Authors and plainly understand and love dogs. The book is replete with stories and comments with which anyone who has ever been owned by a dog — you know that’s how it really works — will relate. Each narrator has a unique personality that is consistent with and appropriate to the characteristics of her/her breed, and while some details are only suitable for mature readers, the vast majority of the entries will delight both children and adults.

Things Your Dog Doesn’t Want You to Know would make an excellent gift for any occasion, but especially for anyone adopting a dog for the very first time. It would provide valuable information and shorten the learning curve by giving a novice dog lover insight into his/her new companion’s psyche and save him/her the trouble of learning about the canine view of the world the way the rest of us, including the authors, did: through hard-earned experience!

Disclosure of Material Connection: I received one copy of Things Your Dog Doesn’t Want You to Know free of charge from the author in conjunction with the Premier Virtual Author Book Tours review and virtual book tour program. I was not required to write a positive review in exchange for receipt of the book; rather, the opinions expressed in this review are my own. This disclosure complies with 16 Code of Federal Regulations, Part 255, “Guides Concerning the Use of Endorsements and Testimonials in Advertising.”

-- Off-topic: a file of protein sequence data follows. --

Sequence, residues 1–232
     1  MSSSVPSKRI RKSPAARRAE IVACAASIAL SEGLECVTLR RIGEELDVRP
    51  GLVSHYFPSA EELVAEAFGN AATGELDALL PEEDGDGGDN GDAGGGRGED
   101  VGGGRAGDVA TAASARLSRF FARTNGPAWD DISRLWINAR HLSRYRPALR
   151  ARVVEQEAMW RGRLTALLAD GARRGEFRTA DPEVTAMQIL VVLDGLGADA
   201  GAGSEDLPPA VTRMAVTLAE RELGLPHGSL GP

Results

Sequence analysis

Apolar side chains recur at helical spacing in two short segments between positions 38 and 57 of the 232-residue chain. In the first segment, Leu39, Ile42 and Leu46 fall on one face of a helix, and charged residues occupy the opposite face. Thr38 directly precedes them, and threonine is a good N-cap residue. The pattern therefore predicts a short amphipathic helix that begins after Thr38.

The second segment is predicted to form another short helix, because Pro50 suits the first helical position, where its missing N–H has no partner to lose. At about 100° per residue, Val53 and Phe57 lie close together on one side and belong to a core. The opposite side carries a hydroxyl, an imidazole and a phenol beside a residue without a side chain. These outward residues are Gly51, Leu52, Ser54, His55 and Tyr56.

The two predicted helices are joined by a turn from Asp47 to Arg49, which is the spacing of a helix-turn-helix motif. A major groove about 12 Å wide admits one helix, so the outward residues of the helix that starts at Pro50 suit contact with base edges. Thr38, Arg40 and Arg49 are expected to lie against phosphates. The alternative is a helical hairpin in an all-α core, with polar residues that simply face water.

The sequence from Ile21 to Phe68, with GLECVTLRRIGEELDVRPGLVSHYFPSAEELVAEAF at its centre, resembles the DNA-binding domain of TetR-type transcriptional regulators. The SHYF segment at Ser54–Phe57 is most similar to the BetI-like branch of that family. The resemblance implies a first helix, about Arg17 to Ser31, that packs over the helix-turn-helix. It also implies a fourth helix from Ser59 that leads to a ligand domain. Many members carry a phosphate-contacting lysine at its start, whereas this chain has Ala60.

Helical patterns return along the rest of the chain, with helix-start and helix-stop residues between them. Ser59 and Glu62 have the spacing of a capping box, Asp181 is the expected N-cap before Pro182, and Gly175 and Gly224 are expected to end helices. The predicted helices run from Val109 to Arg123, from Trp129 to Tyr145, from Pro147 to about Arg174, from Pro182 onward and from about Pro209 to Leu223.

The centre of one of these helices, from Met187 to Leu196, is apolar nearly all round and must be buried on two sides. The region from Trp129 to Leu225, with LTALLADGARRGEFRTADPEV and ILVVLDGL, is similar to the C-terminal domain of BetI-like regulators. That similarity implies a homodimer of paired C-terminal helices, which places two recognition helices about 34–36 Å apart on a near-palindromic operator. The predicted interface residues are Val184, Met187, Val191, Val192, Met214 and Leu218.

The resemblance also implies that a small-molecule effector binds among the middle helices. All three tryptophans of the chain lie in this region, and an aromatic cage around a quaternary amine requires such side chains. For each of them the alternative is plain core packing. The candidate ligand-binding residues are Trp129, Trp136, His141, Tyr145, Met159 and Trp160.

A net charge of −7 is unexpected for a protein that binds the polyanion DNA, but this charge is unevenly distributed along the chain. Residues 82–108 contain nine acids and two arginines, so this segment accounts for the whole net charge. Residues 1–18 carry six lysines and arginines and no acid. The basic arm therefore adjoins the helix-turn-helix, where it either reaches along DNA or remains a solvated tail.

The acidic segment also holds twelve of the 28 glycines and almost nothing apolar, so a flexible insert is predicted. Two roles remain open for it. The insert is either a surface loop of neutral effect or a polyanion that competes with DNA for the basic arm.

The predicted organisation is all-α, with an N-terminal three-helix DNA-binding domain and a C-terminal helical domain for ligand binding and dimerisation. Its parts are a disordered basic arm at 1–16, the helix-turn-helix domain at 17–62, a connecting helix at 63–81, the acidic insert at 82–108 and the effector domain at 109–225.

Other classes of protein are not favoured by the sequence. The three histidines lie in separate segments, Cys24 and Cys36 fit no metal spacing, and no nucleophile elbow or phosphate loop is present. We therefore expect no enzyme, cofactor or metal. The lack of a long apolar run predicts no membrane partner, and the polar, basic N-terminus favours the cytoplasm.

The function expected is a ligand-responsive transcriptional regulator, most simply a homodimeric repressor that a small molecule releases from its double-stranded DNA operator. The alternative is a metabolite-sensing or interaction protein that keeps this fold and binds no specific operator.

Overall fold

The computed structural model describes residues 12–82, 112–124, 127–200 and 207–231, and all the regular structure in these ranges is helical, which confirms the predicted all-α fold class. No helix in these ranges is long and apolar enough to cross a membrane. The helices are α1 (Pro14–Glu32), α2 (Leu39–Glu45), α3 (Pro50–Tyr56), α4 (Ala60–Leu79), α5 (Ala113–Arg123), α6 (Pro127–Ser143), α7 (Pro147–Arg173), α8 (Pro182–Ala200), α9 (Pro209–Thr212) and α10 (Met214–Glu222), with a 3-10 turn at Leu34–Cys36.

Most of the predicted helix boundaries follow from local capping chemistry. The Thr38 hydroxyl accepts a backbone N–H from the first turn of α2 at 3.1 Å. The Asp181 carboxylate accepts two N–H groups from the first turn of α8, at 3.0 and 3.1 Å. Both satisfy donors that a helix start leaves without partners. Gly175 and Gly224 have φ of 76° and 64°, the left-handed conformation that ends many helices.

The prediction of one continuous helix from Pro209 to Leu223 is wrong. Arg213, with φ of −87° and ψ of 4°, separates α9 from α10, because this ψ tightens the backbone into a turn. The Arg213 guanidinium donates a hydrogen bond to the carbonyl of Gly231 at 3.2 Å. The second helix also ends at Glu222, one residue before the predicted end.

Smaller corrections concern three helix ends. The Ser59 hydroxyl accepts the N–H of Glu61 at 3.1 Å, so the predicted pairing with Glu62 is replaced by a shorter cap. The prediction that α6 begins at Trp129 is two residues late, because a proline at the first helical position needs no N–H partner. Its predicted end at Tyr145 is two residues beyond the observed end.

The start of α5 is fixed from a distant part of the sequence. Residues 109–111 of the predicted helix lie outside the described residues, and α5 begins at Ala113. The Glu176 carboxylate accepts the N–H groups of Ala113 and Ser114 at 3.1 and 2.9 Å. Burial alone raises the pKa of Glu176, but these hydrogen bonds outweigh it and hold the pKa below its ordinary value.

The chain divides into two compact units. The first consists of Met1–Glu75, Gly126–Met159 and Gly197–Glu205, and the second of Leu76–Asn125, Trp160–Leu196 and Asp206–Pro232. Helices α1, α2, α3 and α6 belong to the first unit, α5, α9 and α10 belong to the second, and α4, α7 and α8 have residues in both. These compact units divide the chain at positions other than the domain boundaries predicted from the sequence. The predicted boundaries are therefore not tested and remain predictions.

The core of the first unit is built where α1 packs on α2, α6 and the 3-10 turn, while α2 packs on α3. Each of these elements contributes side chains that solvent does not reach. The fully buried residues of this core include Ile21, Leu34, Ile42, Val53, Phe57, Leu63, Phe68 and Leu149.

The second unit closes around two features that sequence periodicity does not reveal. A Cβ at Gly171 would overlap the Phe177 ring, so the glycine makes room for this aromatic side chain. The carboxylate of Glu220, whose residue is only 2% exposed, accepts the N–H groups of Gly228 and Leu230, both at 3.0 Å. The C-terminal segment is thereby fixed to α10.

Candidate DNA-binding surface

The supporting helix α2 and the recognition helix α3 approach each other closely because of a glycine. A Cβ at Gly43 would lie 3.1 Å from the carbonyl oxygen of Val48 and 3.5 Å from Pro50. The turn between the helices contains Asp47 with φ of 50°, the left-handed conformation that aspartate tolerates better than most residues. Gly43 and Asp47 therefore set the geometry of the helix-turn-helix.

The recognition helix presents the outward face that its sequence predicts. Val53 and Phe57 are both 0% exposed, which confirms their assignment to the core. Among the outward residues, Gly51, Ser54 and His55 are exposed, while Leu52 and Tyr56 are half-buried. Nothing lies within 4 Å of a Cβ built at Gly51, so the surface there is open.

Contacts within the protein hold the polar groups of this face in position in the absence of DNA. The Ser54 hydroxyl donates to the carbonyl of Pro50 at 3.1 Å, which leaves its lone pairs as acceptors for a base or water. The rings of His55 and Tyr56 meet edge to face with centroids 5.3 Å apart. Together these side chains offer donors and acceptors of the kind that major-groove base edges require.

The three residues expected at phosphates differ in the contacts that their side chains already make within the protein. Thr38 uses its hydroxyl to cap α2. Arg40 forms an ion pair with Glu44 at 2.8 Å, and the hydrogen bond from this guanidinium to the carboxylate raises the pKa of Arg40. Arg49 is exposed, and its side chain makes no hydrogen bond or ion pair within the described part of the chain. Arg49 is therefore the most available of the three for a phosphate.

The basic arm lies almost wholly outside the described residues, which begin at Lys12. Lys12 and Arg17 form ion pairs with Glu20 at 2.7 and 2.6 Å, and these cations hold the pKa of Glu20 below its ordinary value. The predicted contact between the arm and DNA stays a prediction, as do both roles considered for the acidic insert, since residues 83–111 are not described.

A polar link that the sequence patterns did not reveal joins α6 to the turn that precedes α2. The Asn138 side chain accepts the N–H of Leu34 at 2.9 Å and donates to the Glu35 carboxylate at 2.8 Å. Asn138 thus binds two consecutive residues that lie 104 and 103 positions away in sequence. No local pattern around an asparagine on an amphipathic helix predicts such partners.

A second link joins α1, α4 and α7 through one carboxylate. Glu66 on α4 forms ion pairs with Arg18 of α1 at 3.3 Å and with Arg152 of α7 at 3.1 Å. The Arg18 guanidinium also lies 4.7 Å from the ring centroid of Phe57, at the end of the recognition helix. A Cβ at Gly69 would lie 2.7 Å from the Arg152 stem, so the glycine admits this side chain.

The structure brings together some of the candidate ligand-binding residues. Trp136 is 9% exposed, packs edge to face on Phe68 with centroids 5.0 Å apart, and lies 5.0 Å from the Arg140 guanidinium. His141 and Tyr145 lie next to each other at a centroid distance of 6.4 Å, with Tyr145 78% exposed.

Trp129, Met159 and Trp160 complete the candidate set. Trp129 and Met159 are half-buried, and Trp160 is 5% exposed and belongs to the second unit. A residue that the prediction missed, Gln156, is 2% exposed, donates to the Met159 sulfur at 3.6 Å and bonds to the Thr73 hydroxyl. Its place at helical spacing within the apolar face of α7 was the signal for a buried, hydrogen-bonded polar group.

1. Pingback: Jeff Johnson & Hy Conrad, Authors of Things Your Dog Doesn’t Want You to Know: On Tour | Premier Virtual Author Book Tours

  2. My favorite dog breed is the lab. They are very friendly and good with kids.

  3. Krystal Larson

    I guess White German Shepherd or Sheltie ^^

  4. Would. Love to know what my puppy is thinking.

  5. A maltese. They have wonderful personalities and disposition and are small and cuddly.

  6. I love Rottweilers. We’ve had two females, and they were the smartest, most obedient dogs we’ve ever had. I now have a German shepherd/chow mix (Otis – named after the drunk on The Andy Griffith Show) and I have to say, not only does he attract attention everywhere we go, but he has the sweetest nature of any dog I’ve ever met!

  7. Machell Duke

    My favorite is German Shepherd because they are so sweet and loving with their human famiy.

  8. My favorite breed is the rat terrier because I have one and they are awesome! Thanks for the chance to win!

  9. I love mixed breeds, mutts are the best. They’re all unique and they have individual personalities that make them more interesting than purebreds in my opinion.

  10. Sue Hull

    German Shepards and Boxers. My grandpa had them when I was growing up. I’ve always loved how sweet natured the boxers are that I’ve been around growing up. Just beautiful dogs. Thank you for the great giveaway! 🙂

  11. Labs. They are a lot of work but so much fun!

  12. I love the cover of this book 🙂
    I love both Maltanese and Dobermans.